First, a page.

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Iowa Officials Hope New App Will Prevent Caucus Vote Miscount


Microsoft mobile app will help tally and report caucus results, in Iowa, Feb. 1, 2016.

Microsoft mobile app will help tally and report caucus results, in Iowa, Feb. 1, 2016.

It is a basic premise of democracy: Every vote counts. Unfortunately, the last time Republican voters in Iowa participated in a caucus, some votes were lost because of an error in the reporting process, and they wound up not counting.

This time around, Iowa officials are hoping new technology developed by Microsoft will help prevent a repeat of the 2012 disaster. Microsoft has created a pair of mobile apps, one for each party, to help tally and report caucus results.

It’s going to make the reporting process quicker, more efficient, and more accurate,” said Charlie Szold, communications director for the Republican Party of Iowa, in an interview with VOA.

What happened in 2012?

In past elections, Iowa caucus precinct captains would report voting results in to the state level by punching the results in a telephone.

“You’d call a number and you’d have to literally type into your phone’s keypad how many votes for each candidate,” said Szold.

“So you wouldn’t actually see what you were inputting, you would just have to know you were doing it correctly. That led to transposition errors, maybe you hit the '5' button one too many times, something like that,” he said.

FILE - U.S. Republican presidential candidate Mitt Romney speaks during a campaign stop in St. Augustine, Florida Aug. 13, 2012.

FILE - U.S. Republican presidential candidate Mitt Romney speaks during a campaign stop in St. Augustine, Florida Aug. 13, 2012.

Somewhere in that reporting process in 2012, mistakes were made. But GOP officials didn’t realize until later, after they had already declared Mitt Romney the winner. Weeks later, a recount revealed Rick Santorum had actually won the state.

The mistake deprived Santorum of crucial momentum heading into the next primary, which he lost to Romney, who eventually became the GOP nominee. It also meant that voting results from eight precincts were lost forever.

The new app has internal checks to make sure that any similar errors are caught, according to Szold.

“Anything that seems out of the ordinary gets flagged, so we can call the precincts and ask them if they really did intend to register 5,000 votes for one candidate when the whole precinct has never reported more than 50 votes in total before,” he said.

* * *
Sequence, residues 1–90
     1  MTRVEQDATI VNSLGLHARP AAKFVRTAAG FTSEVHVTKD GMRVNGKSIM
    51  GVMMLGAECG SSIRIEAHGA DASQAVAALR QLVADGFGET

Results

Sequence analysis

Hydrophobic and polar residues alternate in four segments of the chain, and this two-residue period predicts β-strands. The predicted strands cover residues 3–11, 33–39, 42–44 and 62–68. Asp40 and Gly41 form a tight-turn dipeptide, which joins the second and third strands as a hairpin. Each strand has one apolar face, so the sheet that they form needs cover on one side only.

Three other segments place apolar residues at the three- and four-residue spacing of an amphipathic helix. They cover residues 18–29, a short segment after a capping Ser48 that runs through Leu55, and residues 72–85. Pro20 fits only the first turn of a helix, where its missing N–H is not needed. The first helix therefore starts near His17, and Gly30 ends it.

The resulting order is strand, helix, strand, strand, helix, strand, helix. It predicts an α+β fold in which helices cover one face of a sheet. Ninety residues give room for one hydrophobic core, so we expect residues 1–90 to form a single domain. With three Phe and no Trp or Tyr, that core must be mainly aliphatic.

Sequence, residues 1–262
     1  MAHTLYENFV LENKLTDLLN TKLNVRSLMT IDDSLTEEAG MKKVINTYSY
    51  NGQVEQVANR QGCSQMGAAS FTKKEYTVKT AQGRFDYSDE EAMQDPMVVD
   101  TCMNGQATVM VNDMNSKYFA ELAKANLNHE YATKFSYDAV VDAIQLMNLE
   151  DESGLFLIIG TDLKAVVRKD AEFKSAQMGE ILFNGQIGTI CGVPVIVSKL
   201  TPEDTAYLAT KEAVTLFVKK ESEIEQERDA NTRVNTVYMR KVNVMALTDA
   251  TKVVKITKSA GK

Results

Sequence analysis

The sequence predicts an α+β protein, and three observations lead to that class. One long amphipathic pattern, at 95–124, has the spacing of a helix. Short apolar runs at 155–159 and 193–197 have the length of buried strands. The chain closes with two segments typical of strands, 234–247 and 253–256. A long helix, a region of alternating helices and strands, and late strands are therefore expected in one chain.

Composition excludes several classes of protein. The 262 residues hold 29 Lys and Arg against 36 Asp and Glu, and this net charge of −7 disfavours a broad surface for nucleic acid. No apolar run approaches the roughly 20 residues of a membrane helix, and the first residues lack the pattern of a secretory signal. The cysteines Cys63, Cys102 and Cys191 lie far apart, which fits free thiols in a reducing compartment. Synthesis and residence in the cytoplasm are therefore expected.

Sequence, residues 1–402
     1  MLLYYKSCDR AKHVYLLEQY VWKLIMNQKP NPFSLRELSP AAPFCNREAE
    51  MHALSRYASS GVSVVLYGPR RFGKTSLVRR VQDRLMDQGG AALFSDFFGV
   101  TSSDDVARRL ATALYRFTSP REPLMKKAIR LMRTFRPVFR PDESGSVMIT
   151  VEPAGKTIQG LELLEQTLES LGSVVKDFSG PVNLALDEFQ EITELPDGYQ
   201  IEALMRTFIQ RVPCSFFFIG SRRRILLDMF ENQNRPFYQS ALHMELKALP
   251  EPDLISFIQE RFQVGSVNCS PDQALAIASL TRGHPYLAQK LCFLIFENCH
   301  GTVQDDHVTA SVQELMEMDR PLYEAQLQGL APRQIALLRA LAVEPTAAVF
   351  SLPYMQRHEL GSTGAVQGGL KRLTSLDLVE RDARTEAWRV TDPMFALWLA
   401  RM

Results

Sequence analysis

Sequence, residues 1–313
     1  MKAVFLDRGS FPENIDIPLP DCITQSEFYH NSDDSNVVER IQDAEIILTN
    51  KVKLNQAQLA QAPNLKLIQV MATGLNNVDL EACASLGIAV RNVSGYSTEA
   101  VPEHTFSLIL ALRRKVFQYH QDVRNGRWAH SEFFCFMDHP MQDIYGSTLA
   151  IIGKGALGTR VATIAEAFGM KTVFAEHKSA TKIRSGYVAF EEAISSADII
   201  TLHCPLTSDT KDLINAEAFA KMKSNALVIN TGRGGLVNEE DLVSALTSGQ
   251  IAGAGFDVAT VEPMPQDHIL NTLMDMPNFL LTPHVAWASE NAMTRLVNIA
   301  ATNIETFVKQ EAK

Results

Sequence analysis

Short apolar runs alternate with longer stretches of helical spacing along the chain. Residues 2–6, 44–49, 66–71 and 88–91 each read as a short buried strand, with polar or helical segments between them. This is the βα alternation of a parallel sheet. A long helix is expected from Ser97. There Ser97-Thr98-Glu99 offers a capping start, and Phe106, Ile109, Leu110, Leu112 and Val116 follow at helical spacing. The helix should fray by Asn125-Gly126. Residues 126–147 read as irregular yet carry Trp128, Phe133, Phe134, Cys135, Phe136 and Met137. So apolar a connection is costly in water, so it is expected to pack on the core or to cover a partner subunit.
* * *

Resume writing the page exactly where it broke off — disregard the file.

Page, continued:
Apprehensions about new app?

Both parties have been working for months to train caucus organizers on the new apps. And although there is a degree of uneasiness that comes with the introduction of any new technology, officials are confident things will go smoothly.

“We’ve been spending a lot of time making sure that all our chairs in all the 1681 precinct caucuses are comfortable using the app and have an understanding of all the information that needs to be inputted,” said Josh Levitt, press secretary for the Iowa Democratic Party.

The Microsoft Iowa caucuses reporting apps, as run by the Iowa Democratic Party (IDP) and the Republican Party of Iowa (RPI). (Microsoft)

The Microsoft Iowa caucuses reporting apps, as run by the Iowa Democratic Party (IDP) and the Republican Party of Iowa (RPI). (Microsoft)

As a precaution, the traditional phone-reporting system will remain in place, in case anyone is not comfortable with the new system, Levitt told VOA.

Bipartisan effort

For Microsoft’s Stan Freck, who helped oversee the project, developing the new app seemed like a bipartisan way for the company to become involved in the U.S. election process. He said it wasn’t only a response to the 2012 miscount.

“We just thought it was an opportunity to raise the bar into a space that we think of as very important for the American population and for the country as a whole,” Freck told VOA.

FILE - Hal Pigg is reflected in an image of a flag, as he casts his vote on Election Day in Jamul, California, Nov. 6, 2012.

FILE - Hal Pigg is reflected in an image of a flag, as he casts his vote on Election Day in Jamul, California, Nov. 6, 2012.

Freck envisions that in future elections, technology will become a larger part of the voting-and-reporting process.

“I think more and more we’re going to see as generational shifts happen, voters and people who are involved in the political process expecting to be able to do the activities they’re asked to do as part of the political process using their smartphones, using their technology, using the Internet,” he said.

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